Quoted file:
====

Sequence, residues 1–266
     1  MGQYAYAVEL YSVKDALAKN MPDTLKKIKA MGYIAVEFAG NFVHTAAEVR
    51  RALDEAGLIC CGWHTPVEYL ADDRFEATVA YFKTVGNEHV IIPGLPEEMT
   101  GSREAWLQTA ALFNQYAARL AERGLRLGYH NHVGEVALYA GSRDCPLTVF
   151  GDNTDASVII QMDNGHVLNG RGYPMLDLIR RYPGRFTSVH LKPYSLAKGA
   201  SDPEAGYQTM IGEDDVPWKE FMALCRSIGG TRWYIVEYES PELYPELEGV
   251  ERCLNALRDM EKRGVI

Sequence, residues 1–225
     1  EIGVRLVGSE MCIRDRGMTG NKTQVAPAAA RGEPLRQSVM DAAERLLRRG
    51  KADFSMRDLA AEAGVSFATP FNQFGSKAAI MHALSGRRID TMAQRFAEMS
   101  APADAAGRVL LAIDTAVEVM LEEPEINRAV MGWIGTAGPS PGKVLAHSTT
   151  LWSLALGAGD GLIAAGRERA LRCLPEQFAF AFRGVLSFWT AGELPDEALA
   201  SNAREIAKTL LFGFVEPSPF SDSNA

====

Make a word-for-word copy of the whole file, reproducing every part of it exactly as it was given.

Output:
Sequence, residues 1–266
     1  MGQYAYAVEL YSVKDALAKN MPDTLKKIKA MGYIAVEFAG NFVHTAAEVR
    51  RALDEAGLIC CGWHTPVEYL ADDRFEATVA YFKTVGNEHV IIPGLPEEMT
   101  GSREAWLQTA ALFNQYAARL AERGLRLGYH NHVGEVALYA GSRDCPLTVF
   151  GDNTDASVII QMDNGHVLNG RGYPMLDLIR RYPGRFTSVH LKPYSLAKGA
   201  SDPEAGYQTM IGEDDVPWKE FMALCRSIGG TRWYIVEYES PELYPELEGV
   251  ERCLNALRDM EKRGVI

Sequence, residues 1–225
     1  EIGVRLVGSE MCIRDRGMTG NKTQVAPAAA RGEPLRQSVM DAAERLLRRG
    51  KADFSMRDLA AEAGVSFATP FNQFGSKAAI MHALSGRRID TMAQRFAEMS
   101  APADAAGRVL LAIDTAVEVM LEEPEINRAV MGWIGTAGPS PGKVLAHSTT
   151  LWSLALGAGD GLIAAGRERA LRCLPEQFAF AFRGVLSFWT AGELPDEALA
   201  SNAREIAKTL LFGFVEPSPF SDSNA